The 1997/98 season was noteworthy for many reasons, and infamous for charges of national bias. With two major competitions - the Olympics and Worlds - there is plenty of "data" to test the extent to which judges were biased in the marks they give their countrymen at these competitions.
The calculations we describe here make use of all the placements handed out at the 1998 Winter Olympics and 1998 World Championships. Each part of an event is counted separately, and the qualifying rounds at Worlds were included in the calculations.
We began by calculating the deviations for each skater and each judge. The deviation is calculated by subtracting the full panel's placement of a skater from the ordinals for the individual judges. For example, if a skater places 4th in the short program and judges 1 through 9 give placements of 3, 4, 4, 5, 7, 2, 4, 5, and 6, then the deviations for the judges are -1, 0, 0, +1, +3, -2, 0, +1 and +2.
For any one judge in one part of one event the average of that judge's deviations will always be zero (in the absence of ties) since for every skater the judge places higher than the panel he must place another lower. This is true regardless of whether or not there are biases in the judge's marks. Thus, one cannot learn anything about biases by looking at a judge's average deviation for all skaters in one part of an event (or group of events). Looking at a judge's deviations for a subset of skaters in a competition, however is another matter.
For any statistically significant subset of skaters in a competition the average deviations for one or more judges will be zero (or close to it) only if the judges' placements are free of biases; i.e., are determined solely by random errors. Thus, for example, if the judges' deviations for skaters from their own country are averaged, the result should be close to zero if the judges' placements for their own skaters differ from the panels' only because of random errors of observation or judgement. If judges' placements are biased in favor of their countrymen the average deviations for those skaters will be significantly less than zero (i.e., a negative number). If the judges' placements are biases against their countrymen the average would be significantly greater than zero (i.e., a positive number). In the U.S., for example, Canadian judges are frequently accused of holding up their skaters while U.S. judges are accused of pushing their skaters down. If these accusations were true then the average deviation for Canadian judges marking Canadian skaters should be significantly negative, while the average deviation for U.S. judges marking American skaters should be significantly positive.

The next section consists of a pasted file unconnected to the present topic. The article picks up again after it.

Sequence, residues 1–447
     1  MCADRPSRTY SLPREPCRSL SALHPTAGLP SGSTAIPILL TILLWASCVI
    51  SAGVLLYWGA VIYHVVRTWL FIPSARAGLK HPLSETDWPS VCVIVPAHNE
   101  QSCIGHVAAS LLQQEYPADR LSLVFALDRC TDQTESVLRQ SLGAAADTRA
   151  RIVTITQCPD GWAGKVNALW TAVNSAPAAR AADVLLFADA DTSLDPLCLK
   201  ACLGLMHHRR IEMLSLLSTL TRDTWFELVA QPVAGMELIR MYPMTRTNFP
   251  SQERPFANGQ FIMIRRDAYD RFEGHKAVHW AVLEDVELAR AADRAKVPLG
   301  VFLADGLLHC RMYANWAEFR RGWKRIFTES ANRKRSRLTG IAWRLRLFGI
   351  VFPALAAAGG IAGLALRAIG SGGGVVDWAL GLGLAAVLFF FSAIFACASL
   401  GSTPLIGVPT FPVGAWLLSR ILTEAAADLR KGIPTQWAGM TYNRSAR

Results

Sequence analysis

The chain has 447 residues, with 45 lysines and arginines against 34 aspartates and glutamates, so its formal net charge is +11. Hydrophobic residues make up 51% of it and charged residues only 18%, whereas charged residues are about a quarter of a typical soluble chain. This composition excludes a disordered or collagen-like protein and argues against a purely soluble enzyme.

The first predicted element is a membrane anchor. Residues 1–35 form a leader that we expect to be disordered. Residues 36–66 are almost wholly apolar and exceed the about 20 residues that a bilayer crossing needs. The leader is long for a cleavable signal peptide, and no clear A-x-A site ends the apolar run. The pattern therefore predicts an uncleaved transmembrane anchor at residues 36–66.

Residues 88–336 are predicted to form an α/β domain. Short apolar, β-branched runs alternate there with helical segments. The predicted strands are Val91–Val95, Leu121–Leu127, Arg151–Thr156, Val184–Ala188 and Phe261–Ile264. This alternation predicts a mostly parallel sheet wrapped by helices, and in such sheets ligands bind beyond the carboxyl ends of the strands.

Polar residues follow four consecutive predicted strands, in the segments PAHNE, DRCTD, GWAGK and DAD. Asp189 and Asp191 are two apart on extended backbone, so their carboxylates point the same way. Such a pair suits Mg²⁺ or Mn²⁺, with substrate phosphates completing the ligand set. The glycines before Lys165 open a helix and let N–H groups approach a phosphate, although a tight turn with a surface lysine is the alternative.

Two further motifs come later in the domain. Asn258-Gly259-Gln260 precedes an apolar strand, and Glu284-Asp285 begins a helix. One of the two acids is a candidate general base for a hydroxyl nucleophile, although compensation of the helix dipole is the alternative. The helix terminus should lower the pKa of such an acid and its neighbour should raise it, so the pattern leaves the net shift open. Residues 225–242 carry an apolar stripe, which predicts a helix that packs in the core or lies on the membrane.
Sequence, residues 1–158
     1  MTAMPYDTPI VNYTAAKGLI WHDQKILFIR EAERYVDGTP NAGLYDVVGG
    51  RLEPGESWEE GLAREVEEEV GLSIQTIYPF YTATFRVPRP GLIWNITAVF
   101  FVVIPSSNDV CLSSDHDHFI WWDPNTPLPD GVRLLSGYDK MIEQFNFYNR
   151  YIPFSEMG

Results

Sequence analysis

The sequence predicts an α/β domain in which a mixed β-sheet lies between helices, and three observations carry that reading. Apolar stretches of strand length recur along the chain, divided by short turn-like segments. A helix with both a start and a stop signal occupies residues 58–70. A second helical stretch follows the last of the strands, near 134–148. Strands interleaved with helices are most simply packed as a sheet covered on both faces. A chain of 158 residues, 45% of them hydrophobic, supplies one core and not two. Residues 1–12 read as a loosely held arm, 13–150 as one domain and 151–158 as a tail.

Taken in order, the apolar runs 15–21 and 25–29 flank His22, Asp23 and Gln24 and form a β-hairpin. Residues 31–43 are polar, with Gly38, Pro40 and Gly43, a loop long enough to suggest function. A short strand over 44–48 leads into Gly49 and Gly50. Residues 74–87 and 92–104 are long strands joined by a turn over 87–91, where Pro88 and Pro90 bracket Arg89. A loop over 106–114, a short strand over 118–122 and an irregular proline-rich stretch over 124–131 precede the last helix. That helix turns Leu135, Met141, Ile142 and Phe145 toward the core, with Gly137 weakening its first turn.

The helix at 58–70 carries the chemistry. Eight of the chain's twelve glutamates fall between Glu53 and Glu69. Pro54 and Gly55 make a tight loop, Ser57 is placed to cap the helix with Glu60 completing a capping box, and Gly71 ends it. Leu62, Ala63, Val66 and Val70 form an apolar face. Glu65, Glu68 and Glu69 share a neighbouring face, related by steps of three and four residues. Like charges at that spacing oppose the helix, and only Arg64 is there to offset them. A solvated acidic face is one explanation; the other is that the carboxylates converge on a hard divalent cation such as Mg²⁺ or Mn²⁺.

To test for national bias at the Olympics and Worlds the average deviations for all the judges marking their own countrymen in all events were calculated. The following table gives the results of this calculation. The more negative the number, the greater the presence of national bias. The table is listed in order of worst at the top to best at the bottom.
|Country||Average deviation for all judges from each country in all events marking their own countrymen.|
Based on results from the 1998 Olympics and World Championships, the worst offender was the judge from Denmark who placed her skater 2.5 places on the average higher than the panel. This result, however, does not have much weight statistically, since it involves only two placements.
Among the worst offenders are the judges from Canada who, in 21 cases, placed their skaters on the average approximately 2 places higher than the full panels. Equally damning, at the Olympics in 16 out of 16 cases the Canadian judges placed their skaters higher than the full panels, while at Worlds it was three out of five times. In total, Canadian judges placed their skaters lower than the panel in only 1 case out of 21 at the Olympics and Worlds.
The best judges (in terms of minimal national bias) turn out to be the Russian judges who in 38 cases had their skaters only one fifth of a place higher than the panels on the average. The U.S. judges are among the best judges (with judges from 19 out of 26 countries worse). In 27 cases, U.S. judges had American skaters higher than the full panels by 0.6 places on the average. Of those 27 cases the U.S. judges had American skater higher than the panels 12 times, were on-panel 10 times, and lower than the panel 5 times. The accusation that U.S. judges tend to mark down American skaters is not supported by these results. In fact, none of the countries had their skaters marked lower than the full panels on the average. All countries to some extent placed their skaters higher on the average than where they were placed by the full panels.
Based on the typical spread intrinsic in judges' marks we would claim, somewhat arbitrarily, that an average deviation in the range 0 to -0.67 is reasonable performance with respect to national bias (blue in the table), -0.68 through -1.33 is poor performance (black in the table), and an average worse than -1.33 (red in the table) indicates a serious problem with national bias.
Through a similar analysis other forms of bias can be investigated; and further, correlations in deviations can be used to statistically identify block judging and other forms of collusion. We save those entertaining topics, however, for another day.
Return to Title Page